For weeks now I’ve been dipping in and out of Beth Powning’s book—Seeds of Another Summer, a gorgeous thing of full page photos and essays, and I think the first book she published (1995), some twenty-five years after having moved to the wilds of New Brunswick.
I can’t seem to help myself—no sooner do I say ah, yes, that was nice, and set the book aside thinking I’m done with it, than I find myself opening it again (and it’s a library copy that must go back which is terrible and makes me think I need to place a call to my bookseller to find me a good used copy so I can continue dipping at leisure).
What I can’t get enough of, I realize, is the feeling of having a very pleasant walk with someone who loves nature and knows enough about it to know she has a lot to learn—and having this person point out the million things you don’t see along the way because you’re too caught up in looking at the whole.
Powning is great to walk with. She notices spider webs at dawn. And the hieroglyphics of bird tracks in fresh snow. The shadows trees cast. But she’s honest about the journey from city to country and how she didn’t see these things at first.
From the section on ‘Gardens’, she writes about the veggies just starting to grow in June when “…it’s so easy to nick the shallow-rooted weeds from their tenuous holds…. For a while, the garden grows just as I imagined it would, just the way I sketched it on paper, last February….Quickly, though, it passes this quiet stage and moves on to a startling urgency of growth….Thistles with roots like parsnips erupt through the straw in the cabbage bed. Mint creeps slyly amongst the broccoli. My fingers fly like a typist’s around the corn stalks, scrabbling away weeds which spring up nightly.…[By] late July, early August; the garden pressures me with its heedless and chaotic production. Keeping up with it is like trying to prepare dinner with guests in the kitchen, children underfoot, the phone ringing, and unexpected visitors pulling into the driveway and honking their horn.”
And I love her honesty and think: oh how very nice to know I’m not the only one who starts each year’s garden believing that this time I’ll keep things manageable—no bolted lettuce, no overripe cucumbers with seeds the size of foreign currency or woody zucchini because I forgot to pick it.
Ha! Powning says to that, and suddenly I feel okay about the fact that my blackberries are overrun with Black-Eyed Susans and instead of beating myself up over it, I decide to take a picture and send it to a gardening friend in England, one of those people who you assume would never allow anything as slovenly as bolted lettuce in her garden…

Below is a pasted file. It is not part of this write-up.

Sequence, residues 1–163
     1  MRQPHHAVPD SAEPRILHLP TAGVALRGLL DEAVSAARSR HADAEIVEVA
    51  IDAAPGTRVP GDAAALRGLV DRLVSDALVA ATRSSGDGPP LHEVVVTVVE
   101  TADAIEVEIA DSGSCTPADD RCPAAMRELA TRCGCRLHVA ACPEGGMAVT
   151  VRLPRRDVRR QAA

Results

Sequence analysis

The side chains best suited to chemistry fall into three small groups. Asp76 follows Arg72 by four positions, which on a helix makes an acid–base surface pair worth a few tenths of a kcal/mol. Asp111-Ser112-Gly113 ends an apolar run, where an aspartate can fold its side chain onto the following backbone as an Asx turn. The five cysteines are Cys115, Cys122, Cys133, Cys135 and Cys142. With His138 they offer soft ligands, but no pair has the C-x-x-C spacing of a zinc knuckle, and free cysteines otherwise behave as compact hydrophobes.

—or maybe it will delight and reassure her.
Powning makes me want to celebrate my lovely crop of errant flowers.
In the section called ‘Boundaries’ she talks about the idea of home at the edge of wilderness and the misconception that nature is somehow separate from civilization and how that view changed as she began to understand and ‘know’ the fields around her, and stopped imposing on her expectations and assumptions of what it was.
“Boundaries: between the geese and me, between the crickets and me. Yet the longer I listen, the more I hear.”
The photographs are of things we’ve all seen a thousand times: hillsides of freshly mown hay, a single buttercup, a spider’s burrow (okay, a few things we’ve never seen), but completely stunning in that way that can sometimes leave you in awe at the magnificence of ‘ordinary’. There’s also a sense of integration, of us and them, how the presence of one affects the other. A brilliant shot of footprints through a dewy morning field says it well.
It all seems so obvious when seen through her lens.
There is a section on ‘Trees’, another on ‘Wild Plants’ and, finally, ‘Home’. The last picture in the book is barn roofs at dawn. How perfect.
“…Then, like a well-lived life, comes the quiet. I pull up the plants that have finished their cycle. Into the wheelbarrow I toss bolted lettuce, bush beans whose leaves are brown and crunch, and exhausted zucchini.
“…There is a different kind of peace in the garden, now. It is not the serenity born of potency, and affirmation, but the quiet of fulfilment, and endings.
“…At the end of the season, my garden plan is all but forgotten, and my illusion of stewardship long gone. Instead, like another harvest, there is another year’s memory of the voyage I have taken, swept, like a leaf, away from my own small visions and into the vast, potent current of regeneration.
“…Autumn is like a long, deep breath drawn after some endeavour of great intensity.
“Nasturtium leaves rot, quietly, into the soft mould between the raspberry canes.
“In the end is the beginning.
“In the garden is the whole universe.”
—from ‘Gardens’, in Seeds of Another Summer.
From the Re-Run Series: originally posted in September, 2010.